11. You graduated early and moved to Los Angeles to devote yourself more to your work. What has this been like for you so far?
I don’t actually work full-time for Rap Genius just yet. I’m working my way up to a promotion. It’s been fun so far, but I’m crestfallen that no one on staff has taught me the Harlem Shake.
12. Has there been anyone throughout your career so far who has inspired you in a profound way, and if so, why?
From an entrepreneurship perspective, Sean Parker is that dude. With Napster, he pulled the rug from under the music industry; with Spotify, he’s helping to knit a new one.
My favorite journalist is Jeff Weiss, and not just because he’s a good friend and mentor of mine. He brought acerbic wit back into a music writing game that was abounding with egg-headed gobbledygook. His website Passion of the Weiss is my favorite place to discover new music.
Of course, much respect is due to the Rap Genius founders Mahbod, Tom, and Ilan. At their best, they exemplify the brazen nature of the finest modern hip-hop, and have the intelligence to boot.
13. StereoIQ was the sequel to RapGenius. How do the two branches differ?
I consider Stereo IQ to be less of a sequel and more of Rap Genius’s cool younger brother.
Rap Genius is essentially the home base. All of the rock and roll and pop content of Stereo IQ is hosted on Rap Genius. Not that it really matters—genre is ephemeral and artists make crossovers into other forms of music all the time. If Lil Wayne has the audacity to make an ear-shattering schlock-rock album, we should have no qualms hosting the Beatles’ annotations on a hip-hop site.
14. What distinguishes StereoIQ from other music companies?
Stereo IQ isn’t actually a music company—Genius Media Group, which runs Rap Genius and Stereo IQ, is a music company. Anyone who goes to RapGenius.com for ten minutes will recognize our selling point—the line-by-line annotation of all texts. No one else offers a site as fully developed and dedicated to create an Internet Talmud.
15. Who is your favorite music artist?
Right now, Kendrick Lamar is bringing the swaggering, Dr. Dre-infused Compton attitude back into hip-hop. Tame Impala are probably my favorite band. They write lysergic, kaleidoscopic anthems that make me want to dance in front of my mirror when no one is watching.
16. Where do you ideally see yourself twenty years from now?
Hopefully in twenty years from now they’ll have invented a time machine, which I’ll use to go back to the mid-1990s and save the lives of Biggie and 2pac. If I have any extra free time, I’ll invest in Tamagotchis.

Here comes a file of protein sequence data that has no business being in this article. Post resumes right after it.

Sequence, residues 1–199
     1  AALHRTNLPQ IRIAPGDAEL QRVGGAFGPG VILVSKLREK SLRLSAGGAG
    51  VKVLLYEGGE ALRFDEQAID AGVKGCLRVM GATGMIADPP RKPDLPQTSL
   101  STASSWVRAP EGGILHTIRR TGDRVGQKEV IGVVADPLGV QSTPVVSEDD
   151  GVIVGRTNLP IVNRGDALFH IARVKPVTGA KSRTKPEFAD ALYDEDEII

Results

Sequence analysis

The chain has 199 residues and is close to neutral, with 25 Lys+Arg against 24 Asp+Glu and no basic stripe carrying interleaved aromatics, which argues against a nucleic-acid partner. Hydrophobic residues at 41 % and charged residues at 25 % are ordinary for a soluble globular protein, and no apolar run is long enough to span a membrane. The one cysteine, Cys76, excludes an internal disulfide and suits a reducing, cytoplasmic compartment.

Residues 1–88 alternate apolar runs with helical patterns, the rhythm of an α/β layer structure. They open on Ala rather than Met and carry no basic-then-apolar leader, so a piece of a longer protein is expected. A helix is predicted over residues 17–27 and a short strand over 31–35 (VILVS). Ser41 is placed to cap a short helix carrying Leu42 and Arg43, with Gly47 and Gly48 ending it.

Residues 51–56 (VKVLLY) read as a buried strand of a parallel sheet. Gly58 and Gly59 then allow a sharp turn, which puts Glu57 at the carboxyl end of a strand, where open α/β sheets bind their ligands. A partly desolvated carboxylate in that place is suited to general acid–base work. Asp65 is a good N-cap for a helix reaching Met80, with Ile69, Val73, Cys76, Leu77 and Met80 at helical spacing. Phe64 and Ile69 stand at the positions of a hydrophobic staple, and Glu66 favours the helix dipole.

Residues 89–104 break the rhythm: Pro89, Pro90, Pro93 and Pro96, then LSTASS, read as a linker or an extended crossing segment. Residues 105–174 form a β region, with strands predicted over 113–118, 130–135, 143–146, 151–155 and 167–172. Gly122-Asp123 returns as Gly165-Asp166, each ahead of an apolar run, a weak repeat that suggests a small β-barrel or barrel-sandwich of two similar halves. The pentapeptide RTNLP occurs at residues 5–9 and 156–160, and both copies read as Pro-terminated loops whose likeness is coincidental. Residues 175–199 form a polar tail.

17. You studied Entertainment and Media Management for a summer, how has this helped you in your career so far and what did you feel you gained the most from this experience?
Studying at UCLA during the summer of 2012 was one of the most enlightening academic experiences of my life. Let me put it to you this way: it felt strangely inappropriate to blast Alice Cooper’s celebratory “School’s Out” when I finished my session there, because I was sad to leave.
18. If you could describe your work experience so far in one word, what would it be?
19. To what extent do you believe music journalism has helped promote the careers of musicians, and how has StereoIQ worked with music fans the world over to help them become more engaged with the artists’ songs?
I personally never sought out to promote the career of an artist. The behemoth that is the Internet Hype Machine churns out artists every day, and for all the talk of loathsome and overrated musicians, the cream often rises to the top. A positive review can definitely catalyze the hype, but ultimately it’s the quality of the work that needs to stand up.
My role in Stereo IQ isn’t so much to promote the career of a musician so much as to promote an insight of their work from a different vantage point.
20. Do you have any advice for anyone aspiring to go into a career in music or journalism in the future?
My advice to anyone in the field of music or journalism is to love the game and fight hard for your vision. Don’t let anybody dull your creativity. I offer a fair warning to music journalists, though: don’t get too effusive. If there are three things guaranteed in life, it’s death, taxes, and bloggers that fetishize overhyped musicians.